When it comes to gaming, everyone wants to have best possible experience and performance, including every possible advantage they can get over others (if possible). So in that context every 1ms matters. Also, everyone wants to know that they have done everything they could at the time to optimize things that in the end may or may not affect their results in the game. It it always better to have for example 20ms input lag, than 25ms input lag, even if you can't feel it (or even AB it).

Even a small or marginal improvements in tech are still progress, and its all that matters in end.

RealNC wrote:Opinions are split. Personally, today I consider 1 or 2 milliseconds completely inconsequential, even in the highest possible level of competition. All the "finish line" instances are so rare as to not matter. I'd still be interested in a scientific analysis on how often the "finish line effect" occurs though. I suspect the answer is "virtually never", but that's just me.


You are entirely correct. There are just too many factors and variables in place (human related factors, game/engine related factors, internet related factors) for a 1 or 2 millisecond to matter. But it doesn't mean that we shouldn't pay attention even when talking about few milliseconds differences. In the end, faster = better, and as i mentioned above every little improvement is still progress.

KindOldRaven wrote:Every-single-day I see people tell others to avoid Gsync/Freesync because of the 'insane amount of input lag it induces, completely unusable for competitive PUBG' and stuff like that... :roll: Ah well, I'm very happy to have found this community :D


Well, without trying to insult anyone. PUBG is a definition of mediocrity... skill wise. Words like "competitive" and "pro" when talking about PUBG shouldn't be even used when talking about this game, because this is an insult to other games where an actual skill matters the most. And even if we would not talk about players skill in this game, there is so much wrong with this game, including engine/network code. Also, the gameplay itself where playing field is never equal and luck also matters based on loot that you will find (plane drops too), including energy field that might work in your favor or in favor of other teams and players.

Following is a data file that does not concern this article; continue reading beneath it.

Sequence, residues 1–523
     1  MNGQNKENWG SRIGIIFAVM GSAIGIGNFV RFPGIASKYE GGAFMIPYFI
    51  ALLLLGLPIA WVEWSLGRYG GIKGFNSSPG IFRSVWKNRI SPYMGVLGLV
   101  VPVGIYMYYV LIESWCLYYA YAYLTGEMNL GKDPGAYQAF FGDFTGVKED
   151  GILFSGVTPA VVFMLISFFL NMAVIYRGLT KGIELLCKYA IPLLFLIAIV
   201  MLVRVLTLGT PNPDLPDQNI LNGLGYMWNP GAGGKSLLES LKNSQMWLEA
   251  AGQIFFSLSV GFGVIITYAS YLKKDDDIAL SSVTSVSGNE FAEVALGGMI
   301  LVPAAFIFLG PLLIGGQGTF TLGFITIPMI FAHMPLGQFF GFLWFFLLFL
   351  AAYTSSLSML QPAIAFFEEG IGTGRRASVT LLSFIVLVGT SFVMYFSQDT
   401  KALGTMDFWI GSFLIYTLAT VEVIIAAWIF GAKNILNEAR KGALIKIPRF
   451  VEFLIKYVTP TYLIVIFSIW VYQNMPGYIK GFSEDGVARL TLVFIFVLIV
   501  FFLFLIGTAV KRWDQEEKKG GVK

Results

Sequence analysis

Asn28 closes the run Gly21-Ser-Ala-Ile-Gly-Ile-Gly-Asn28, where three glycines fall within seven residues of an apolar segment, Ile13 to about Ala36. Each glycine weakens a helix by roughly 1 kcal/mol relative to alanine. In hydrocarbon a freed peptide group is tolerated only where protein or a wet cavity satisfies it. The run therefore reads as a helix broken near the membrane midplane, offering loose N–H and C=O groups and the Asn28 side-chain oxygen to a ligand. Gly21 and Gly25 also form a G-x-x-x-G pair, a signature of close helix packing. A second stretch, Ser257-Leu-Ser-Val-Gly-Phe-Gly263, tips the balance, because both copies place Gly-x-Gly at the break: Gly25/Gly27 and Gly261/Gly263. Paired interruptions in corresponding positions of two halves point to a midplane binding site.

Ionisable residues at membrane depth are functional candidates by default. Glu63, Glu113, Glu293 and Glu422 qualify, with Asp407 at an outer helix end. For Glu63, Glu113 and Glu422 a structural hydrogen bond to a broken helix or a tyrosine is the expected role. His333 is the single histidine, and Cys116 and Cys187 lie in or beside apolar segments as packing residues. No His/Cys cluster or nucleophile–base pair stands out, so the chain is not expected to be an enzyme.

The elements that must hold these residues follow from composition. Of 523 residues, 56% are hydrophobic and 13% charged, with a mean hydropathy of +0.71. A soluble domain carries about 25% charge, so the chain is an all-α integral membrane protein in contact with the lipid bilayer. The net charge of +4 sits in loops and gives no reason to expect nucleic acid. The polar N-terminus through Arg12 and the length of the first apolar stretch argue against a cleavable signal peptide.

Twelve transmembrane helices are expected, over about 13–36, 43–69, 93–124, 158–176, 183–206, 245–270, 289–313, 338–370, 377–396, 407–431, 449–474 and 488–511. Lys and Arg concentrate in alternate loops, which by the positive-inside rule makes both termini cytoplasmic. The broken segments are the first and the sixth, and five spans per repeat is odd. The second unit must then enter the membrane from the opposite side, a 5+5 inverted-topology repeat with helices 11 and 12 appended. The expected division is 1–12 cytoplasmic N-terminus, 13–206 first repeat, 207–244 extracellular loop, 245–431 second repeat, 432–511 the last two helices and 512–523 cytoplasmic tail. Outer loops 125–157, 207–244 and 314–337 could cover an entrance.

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Re: Experience & Opinion: 240hz displays are blurry

Postby Chief Blur Buster » 16 Apr 2018, 14:40

Fun discussion.

Certainly environmental factors (e.g. network, game tickrates, etc) will certainly statistically overwhelm the millisecond or two, and skills differences will massively overwhelm too. It's all very statistically hard to pull the signal out of the noise without speciallized tests -- but it's more of a "didn't know millisecond had a factor, even if only occaional throughout the day" (agree) than a "rarely millisecond ever has a factor" (totally disagree).

With reaction time spreads of probably under 40ms between slowest and fastest reacting CS:GO players 4ms is a massive 10% difference in the reaction-time spread of an elite team (say, reaction time of fastest player is "X ms" and reaction time of slowest player is "X + 40"ms hypothetically -- might be tighter or bigger spread).

Even a 2ms difference increases by 25% chance that your reaction rounds off to an earlier tick on a 128-tick CS:GO server. (1/128 = ~8ms ... and 25% of is 2ms). 4ms reduced equipment lag makes it pretty much a coinflip (50-50) your reaction may round off to a earlier CS:GO tick (8ms granularity), where your action gets treated as first reaction. And even though 4ms is sub-128-tick, it still a potential tick roundoff granularity, since game engines can't predictively compensate for lower monitor lag (and other equipment), to automatically handicap/level-the-playing-field.

Now, it is logical to surmise that the environment/tactics play a role on how tight the reaction spreads needs to become before milliseconds mattter: One game of alleyways, corners, doors, simultaneous-see events are quite common, creating many multiple different tight-reaction-race in a single FPS game, so "sprints-to-finish" (see-simultaneously-and-react events) happen far more often in certain games. It doesn't look like both react simultaneously, only one is instantly fragged, nobody thinks twice about if it was ever a simultaneous attempt to shoot each other. But when a door is opened or when you turn a corner, it's literally a simultaneous see-each-other. Trigger for both of you to be the first to be fragged -- so both of your reaction-time are triggered simultaneously in those particular types of situations -- in the FPS games that forces more of those simultaneous-see events.